Genetic basis for distinct type of autism uncovered

UW Medicine News | July 08, 2014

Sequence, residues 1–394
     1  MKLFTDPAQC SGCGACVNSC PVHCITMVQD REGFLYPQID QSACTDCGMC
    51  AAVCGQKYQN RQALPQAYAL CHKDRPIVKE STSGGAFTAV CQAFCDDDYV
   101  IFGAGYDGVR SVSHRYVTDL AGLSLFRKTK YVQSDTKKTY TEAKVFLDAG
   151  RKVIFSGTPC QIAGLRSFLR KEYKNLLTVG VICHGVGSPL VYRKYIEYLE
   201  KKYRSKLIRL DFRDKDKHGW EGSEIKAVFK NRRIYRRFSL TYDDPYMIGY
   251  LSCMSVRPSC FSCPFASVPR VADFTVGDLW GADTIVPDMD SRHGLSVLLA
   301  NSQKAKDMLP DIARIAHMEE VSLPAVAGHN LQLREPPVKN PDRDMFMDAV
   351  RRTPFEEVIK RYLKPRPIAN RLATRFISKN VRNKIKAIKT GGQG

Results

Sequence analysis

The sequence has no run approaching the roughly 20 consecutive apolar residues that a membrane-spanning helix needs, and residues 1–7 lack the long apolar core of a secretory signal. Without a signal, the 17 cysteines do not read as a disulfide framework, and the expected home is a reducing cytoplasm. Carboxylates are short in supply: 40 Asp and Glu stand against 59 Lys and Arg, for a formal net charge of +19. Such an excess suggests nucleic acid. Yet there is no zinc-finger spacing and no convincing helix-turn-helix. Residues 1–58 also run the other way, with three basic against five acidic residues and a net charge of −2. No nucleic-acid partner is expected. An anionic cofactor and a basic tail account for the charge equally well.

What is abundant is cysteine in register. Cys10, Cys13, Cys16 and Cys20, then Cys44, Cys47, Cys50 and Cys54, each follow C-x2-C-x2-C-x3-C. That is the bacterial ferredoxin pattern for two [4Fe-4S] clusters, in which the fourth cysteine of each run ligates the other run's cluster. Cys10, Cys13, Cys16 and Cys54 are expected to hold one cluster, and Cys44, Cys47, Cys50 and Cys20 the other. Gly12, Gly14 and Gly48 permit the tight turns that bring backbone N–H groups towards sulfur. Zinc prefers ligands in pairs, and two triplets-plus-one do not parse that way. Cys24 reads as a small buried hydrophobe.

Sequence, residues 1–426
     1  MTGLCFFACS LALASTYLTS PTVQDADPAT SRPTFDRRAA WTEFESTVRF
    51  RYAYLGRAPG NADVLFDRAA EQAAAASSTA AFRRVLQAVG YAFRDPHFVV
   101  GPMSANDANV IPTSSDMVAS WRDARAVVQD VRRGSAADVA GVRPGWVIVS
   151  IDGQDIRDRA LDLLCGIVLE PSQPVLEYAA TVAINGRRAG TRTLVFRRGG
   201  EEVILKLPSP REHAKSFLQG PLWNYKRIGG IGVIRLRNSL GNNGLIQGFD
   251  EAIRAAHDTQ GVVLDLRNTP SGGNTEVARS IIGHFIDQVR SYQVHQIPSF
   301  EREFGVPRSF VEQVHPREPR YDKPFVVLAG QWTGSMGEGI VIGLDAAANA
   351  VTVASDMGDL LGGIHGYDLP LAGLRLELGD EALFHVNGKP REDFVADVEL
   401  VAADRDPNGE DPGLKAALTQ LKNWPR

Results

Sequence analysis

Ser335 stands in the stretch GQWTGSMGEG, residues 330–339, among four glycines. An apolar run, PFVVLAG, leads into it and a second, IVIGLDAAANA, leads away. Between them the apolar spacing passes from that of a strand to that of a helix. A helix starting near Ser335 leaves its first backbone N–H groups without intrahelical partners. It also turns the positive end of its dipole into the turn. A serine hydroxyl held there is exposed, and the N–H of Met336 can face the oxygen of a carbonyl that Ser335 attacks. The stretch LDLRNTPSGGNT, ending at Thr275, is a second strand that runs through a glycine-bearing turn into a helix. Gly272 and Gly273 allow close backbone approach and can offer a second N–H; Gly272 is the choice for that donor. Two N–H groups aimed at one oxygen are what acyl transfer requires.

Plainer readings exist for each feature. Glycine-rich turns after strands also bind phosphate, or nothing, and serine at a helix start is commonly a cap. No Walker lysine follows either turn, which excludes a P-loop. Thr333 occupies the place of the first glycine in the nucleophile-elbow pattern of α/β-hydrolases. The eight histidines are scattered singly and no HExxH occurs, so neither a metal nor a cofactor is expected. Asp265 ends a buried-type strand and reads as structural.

Sleep, digestive problems common in autism linked to CHD8 gene variation. A variation in the CHD8 gene has a strong likelihood of leading to a type of autism accompanied by digestive problems, a larger head and wide–set eyes. “We finally got a clear–cut case of an autism–specific gene,” said Raphael Bernier, University of Washington associate professor of psychiatry and behavioral sciences and clinical director of the Autism Center at Seattle Children’s. He is one of the lead authors of a Cell paper published, “Disruptive CHD8 Mutations Define a Subtype of Autism in Early Development.” Scientists at 13 institutions around the world collaborated on the project. In their study of 6,176 children with autism spectrum disorder, researchers found 15 had a CHD8 mutation. All the cases had similarities in their physical appearance as well as sleep disturbances and gastrointestinal problems. To confirm the findings, the researchers worked with scientists at Duke University who study genetically modified zebrafish, a common laboratory model for gene mutation studies. After the researchers disrupted the fish’s CHD8 gene, the small fry developed large heads and wide set eyes. This is the first time researchers have shown a definitive cause of autism from a genetic mutation.

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